Economies in recession do not produce 528,000 jobs in a given month and have 3.5% unemployment rates. Since January, total employment has increased by 3.3 million jobs and the unemployment rate has declined from 4% to 3.5%.
With such a robust labor market, claims that the economy is in recession fall flat and should be politely set aside.
With such strong job gains, claims that the economy is in recession should be politely set aside.
While the underlying detail in the report suggests that the top-line number overstates the trend in hiring and will most likely be revised down in the coming months, labor demand remains rock solid.
In addition, long-term demographic changes and labor market dynamics will not require large monthly gains to stabilize the unemployment rate once it moves back to our estimate of full employment near 4.5%. In fact, we estimate that it will take an average gain of only about 60,000 jobs per month to maintain full employment.
Even as the economy slows, the unemployment rate may not soar to levels consistent with past recessions. That implies a higher policy rate and an imminent move into restrictive terrain by the central bank.
That means that the Federal Reserve will have to continue pushing the policy above the current 2.25% to 2.5% range.
The tight labor market implied by the July report and the 5.2% increase in average hourly earnings strongly suggest that the Fed needs to hike its policy rate by 50 basis points at the September meeting and will in all probability need to take that rate to at least 4% or higher in the near term.
Employment gains were robust across all sectors, with service-providing companies leading the way with a 402,000-job gain. Goods-producing firms added 69,000 jobs, construction firms increased hiring by 32,000 and manufacturing firms added 30,000.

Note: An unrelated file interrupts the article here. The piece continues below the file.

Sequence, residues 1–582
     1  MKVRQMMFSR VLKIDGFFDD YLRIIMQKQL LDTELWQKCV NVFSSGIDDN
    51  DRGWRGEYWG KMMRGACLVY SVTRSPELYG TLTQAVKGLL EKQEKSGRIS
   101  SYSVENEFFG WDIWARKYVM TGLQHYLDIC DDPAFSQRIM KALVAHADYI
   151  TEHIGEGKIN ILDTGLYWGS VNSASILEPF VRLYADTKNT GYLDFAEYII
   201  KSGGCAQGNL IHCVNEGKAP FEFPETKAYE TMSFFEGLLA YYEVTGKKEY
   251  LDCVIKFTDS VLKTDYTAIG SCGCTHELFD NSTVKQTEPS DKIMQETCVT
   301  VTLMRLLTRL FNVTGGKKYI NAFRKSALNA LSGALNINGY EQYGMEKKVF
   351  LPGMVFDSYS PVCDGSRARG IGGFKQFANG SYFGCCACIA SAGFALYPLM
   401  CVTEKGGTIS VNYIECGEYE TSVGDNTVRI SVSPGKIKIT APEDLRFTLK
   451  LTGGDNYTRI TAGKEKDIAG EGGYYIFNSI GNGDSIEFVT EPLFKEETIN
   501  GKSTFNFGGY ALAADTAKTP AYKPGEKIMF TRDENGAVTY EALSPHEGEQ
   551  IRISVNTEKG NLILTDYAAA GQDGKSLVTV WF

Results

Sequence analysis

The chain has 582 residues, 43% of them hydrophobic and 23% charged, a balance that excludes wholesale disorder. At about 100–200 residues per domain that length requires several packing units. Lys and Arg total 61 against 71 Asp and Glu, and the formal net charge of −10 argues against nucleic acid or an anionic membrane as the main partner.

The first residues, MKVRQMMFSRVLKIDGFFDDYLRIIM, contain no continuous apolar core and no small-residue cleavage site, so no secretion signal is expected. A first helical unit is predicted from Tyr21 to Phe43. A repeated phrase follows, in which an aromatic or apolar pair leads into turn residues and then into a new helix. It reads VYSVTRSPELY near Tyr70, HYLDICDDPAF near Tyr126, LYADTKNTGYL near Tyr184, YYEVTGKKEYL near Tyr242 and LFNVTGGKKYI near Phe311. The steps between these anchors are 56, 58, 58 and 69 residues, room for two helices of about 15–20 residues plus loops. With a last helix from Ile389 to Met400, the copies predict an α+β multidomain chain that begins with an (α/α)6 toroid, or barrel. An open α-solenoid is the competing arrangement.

The trade and transport sector added 54,000 jobs, the information and the financial sector added 13,000 each, while business services added 89,000. Retail trade businesses added 22,000 positions and firms added 10,000 temporary workers on the month.
The education and health sector added 122,000 jobs in July while government sector employment grew by 57,000.
Average hourly earnings remain hot with a 0.5% month-over-month gain, which translates to a 5.2% increase over a year ago. The wage pipeline is in line with that data as the three-month average annualized pace increased by 5% on a year-ago basis.
Total private hours worked was unchanged on the month at 34.6 hours, while aggregate hours worked, which provides a solid forward look at spending, increased by 3% on a three-month annualized pace.
The labor force participation rate inched down to 62.1% from 62.2% previously. The median duration of unemployment was also unchanged at 8.5 weeks.
Labor demand remains rock solid, and the idea of contraction in the labor market this year should be dismissed. The top-line gains in employment and wages will result in further aggressive rate hikes by the Federal Reserve as it attempts to restore price stability to the economy.